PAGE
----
The policy was issued November 1, 1916, in the sum of $1,175, for the term of three years "on two story shingle roof frame building * * * while occupied as a private family residence, * * * on barn, * * * on two story frame building situate in rear of dwelling and occupied as cook house and annex. * * * All situate on the farm owned by assured while occupied by tenant * * *." All the buildings were destroyed by fire December seventeenth following. At the time the policy was issued the buildings were occupied by a tenant under a lease executed the preceding spring for the term of one year with the privilege of three. About the middle of November the tenant moved his family, which consisted of himself, his wife and son, from the insured property to a house near Montgomery, Orange county, N.Y., a distance of about twenty-four miles, intending, as the tenant testified, to move back in the spring. Before leaving, the tenant took up the carpets downstairs, and placed some of his household furnishings in a locked room upstairs. He took with him a stove, bedding and other household furnishings, in all two two-horse loads. He testified that the furniture which he took belonged to his son, but he also testified that he used the furniture in the house into which he moved, He sold his team, as he was not able, he said, to work any horses. He left downstairs in the house a cabinet organ, a stove, a bed and chairs. He left in the barn hay and farming machinery and utensils. Before leaving he closed the windows and shutters of the house and nailed them. He also nailed a board across the barn door. He made an arrangement with his son-in-law, who lived about a mile and a quarter away, to look after the place. The son-in-law went to the premises every day or two or three, going around the buildings and into the house, and slept in the house two nights. About a week before the fire the tenant and his wife came to the son-in-law's house. The occasion of their visit there seems to have been the anticipated birth of a child of their daughter. During the week preceding the fire the tenant and his wife went once together to the house; two or three times the tenant went there alone, and he slept there alone two nights. During the time the son-in-law was looking after the premises he was working for the Ontario Railroad Company, living at his own house and taking his meals there. During the week preceding the fire the tenant and his wife were staying at the son-in-law's house and taking their meals there. Whether between the time when the tenant moved to Orange county and the time of the fire a period of ten days elapsed without either the son-in-law or the tenant sleeping in the house, does not definitely appear. We may, therefore, consider that such period did not elapse. While the evidence was more or less conflicting, we must assume in passing upon this appeal that the jury in reaching its verdict was controlled by the evidence most favorable to the insured which was as above stated.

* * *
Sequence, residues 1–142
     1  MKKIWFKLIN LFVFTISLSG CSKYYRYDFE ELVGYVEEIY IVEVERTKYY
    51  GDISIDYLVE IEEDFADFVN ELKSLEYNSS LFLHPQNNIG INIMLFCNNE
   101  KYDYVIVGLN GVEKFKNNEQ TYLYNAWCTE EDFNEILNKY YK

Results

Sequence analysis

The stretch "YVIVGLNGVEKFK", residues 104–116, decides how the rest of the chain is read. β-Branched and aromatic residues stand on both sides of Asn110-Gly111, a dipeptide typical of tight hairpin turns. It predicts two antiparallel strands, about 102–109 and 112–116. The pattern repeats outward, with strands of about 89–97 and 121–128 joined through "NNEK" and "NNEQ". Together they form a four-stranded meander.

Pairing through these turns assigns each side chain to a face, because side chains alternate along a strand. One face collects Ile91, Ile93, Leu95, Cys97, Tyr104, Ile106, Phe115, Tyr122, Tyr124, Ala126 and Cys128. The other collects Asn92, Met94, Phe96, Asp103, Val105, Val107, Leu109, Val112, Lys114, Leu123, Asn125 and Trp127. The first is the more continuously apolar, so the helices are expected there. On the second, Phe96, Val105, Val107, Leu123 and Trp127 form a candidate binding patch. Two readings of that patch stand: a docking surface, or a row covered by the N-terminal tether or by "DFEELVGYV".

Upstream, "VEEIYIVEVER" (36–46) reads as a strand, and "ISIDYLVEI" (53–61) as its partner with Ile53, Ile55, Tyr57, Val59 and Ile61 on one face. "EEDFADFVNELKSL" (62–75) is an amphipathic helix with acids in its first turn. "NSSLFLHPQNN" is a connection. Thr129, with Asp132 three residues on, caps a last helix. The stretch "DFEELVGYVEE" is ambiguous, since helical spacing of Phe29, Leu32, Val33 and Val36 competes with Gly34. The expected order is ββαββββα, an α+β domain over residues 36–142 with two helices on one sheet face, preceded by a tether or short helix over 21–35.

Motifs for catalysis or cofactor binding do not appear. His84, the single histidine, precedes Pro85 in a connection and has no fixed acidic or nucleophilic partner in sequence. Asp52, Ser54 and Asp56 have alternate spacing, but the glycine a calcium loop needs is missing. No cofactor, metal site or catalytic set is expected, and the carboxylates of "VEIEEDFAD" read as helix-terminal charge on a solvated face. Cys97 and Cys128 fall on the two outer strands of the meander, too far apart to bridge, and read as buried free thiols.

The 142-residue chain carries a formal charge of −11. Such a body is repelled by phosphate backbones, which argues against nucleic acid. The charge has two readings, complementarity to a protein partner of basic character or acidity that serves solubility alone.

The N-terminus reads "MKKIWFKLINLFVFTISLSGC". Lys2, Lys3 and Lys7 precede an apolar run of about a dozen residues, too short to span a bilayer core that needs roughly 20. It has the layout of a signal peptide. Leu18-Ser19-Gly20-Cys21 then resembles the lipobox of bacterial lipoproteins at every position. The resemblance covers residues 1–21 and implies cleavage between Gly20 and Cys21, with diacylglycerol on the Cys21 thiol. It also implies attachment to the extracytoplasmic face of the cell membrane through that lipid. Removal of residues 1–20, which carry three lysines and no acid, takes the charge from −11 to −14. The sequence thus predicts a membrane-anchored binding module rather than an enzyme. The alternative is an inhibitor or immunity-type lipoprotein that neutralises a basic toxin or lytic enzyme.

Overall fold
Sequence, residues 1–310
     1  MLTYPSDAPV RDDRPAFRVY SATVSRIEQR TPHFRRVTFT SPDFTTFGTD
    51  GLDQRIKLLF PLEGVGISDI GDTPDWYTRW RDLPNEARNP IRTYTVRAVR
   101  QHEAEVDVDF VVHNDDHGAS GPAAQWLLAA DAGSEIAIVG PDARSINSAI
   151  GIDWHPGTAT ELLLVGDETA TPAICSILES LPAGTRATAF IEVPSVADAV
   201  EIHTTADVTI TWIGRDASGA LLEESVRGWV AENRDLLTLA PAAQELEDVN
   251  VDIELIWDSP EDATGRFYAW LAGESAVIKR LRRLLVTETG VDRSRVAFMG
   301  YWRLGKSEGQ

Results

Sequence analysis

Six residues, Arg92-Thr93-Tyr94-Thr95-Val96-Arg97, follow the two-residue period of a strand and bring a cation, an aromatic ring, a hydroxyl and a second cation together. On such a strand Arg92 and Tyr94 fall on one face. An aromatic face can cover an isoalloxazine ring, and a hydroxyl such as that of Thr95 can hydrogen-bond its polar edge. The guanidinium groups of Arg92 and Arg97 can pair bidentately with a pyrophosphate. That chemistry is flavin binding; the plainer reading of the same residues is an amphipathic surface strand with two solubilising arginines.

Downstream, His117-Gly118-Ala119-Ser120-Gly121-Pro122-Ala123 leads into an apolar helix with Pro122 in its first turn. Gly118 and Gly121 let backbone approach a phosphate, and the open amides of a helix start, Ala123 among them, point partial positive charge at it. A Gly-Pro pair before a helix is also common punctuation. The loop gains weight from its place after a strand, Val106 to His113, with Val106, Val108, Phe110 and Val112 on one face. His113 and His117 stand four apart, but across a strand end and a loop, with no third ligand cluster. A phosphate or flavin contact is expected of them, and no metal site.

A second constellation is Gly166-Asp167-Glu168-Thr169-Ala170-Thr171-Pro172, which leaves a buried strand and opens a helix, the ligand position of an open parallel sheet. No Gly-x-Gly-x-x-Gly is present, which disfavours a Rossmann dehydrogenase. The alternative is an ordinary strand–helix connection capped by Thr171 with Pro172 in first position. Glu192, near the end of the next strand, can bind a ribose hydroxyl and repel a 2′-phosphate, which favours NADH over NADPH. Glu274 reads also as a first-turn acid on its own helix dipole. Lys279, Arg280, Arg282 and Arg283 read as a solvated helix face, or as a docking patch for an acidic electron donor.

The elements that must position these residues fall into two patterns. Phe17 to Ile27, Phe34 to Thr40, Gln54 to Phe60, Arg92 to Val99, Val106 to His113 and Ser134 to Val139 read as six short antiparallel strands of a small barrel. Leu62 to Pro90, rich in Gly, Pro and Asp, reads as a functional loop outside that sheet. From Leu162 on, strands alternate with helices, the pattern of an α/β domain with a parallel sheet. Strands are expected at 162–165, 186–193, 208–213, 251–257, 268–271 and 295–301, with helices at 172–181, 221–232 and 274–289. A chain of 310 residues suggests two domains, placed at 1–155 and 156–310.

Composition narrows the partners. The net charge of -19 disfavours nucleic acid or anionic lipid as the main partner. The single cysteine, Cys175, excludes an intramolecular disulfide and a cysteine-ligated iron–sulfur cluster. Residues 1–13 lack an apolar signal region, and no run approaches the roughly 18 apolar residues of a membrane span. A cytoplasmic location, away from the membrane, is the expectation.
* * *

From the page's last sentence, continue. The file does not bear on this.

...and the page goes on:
Under the authorities we think that neither the acts of the son-in-law or of the tenant constituted the house a "family residence" within the meaning of the policy, and hence that the building must be held to have been unoccupied for a period of more than ten days preceding the fire, and the nonsuit asked should have been granted. In the case of Herrman v. Adriatic Fire Ins. Co. ( 85 N.Y. 162) the house destroyed constituted the plaintiff's summer residence where he and his family resided during the summer and part of the fall only. A smaller dwelling on the plaintiff's farm was occupied the entire year by a farmer in plaintiff's employ and his family and a gardener. In November the plaintiff and his family returned to his city residence for the winter, leaving in the house all his furniture and the summer clothing of himself and family. The house, which could be seen from the farm house, was left in charge of the farmer, and he or some member of his family as directed by the plaintiff went through the house regularly once a week, opened the windows for the purpose of ventilation, closed and bolted them, and after firmly securing the house left it until the ensuing week. The plaintiff, generally in company with his wife, visited the premises once a fortnight to see that the farmer took good care of them. It was his habit on these visits of opening the main dwelling, going through the rooms and lunching therein, but no member of plaintiff's family passed a night there during the winter preceding the fire. The usual visit of the plaintiff and his wife occurred about three days before the fire, which happened in April. The court in rendering judgment in favor of the defendant made the following statements which seem so applicable to the case at bar that we quote them: "The fortnightly visits of the plaintiff and his wife to it were not the occupation that is meant when a dwelling house is spoken of. The weekly tours of inspection of the farmer and members of his family living on the grounds, and the supervision of it from his own house, were more useful, but they fell short of being occupation of it. The term `unoccupied,' used in the policy, is entitled to a sense adapted to the occasion of its use, and the subject-matter to which it is applied. * * * We have already said enough to show our opinion that, for a dwelling house to be in a state of occupation, there must be in it the presence of human beings as at their customary place of abode, not absolutely and uninterruptedly continuous, but that must be the place of usual return and habitual stoppage." In passing upon the claim that the words "vacant" and "unoccupied" should be treated as synonymous, the court said: "With those animate far away from it, but with those inanimate still in it, it would not be vacant, for it would not be empty and void. * * * But when the phrase `vacant or unoccupied' is applied to a dwelling house, plainly there is a purpose — an attempt to give a different statement of the condition thereof; by the first word, as an empty house, by the second word, as one in which there is not habitually the presence of human beings." This distinction in the meaning of the two words is also pointed out in Herrman v. Merchants' Ins. Co. ( 81 N.Y. 184).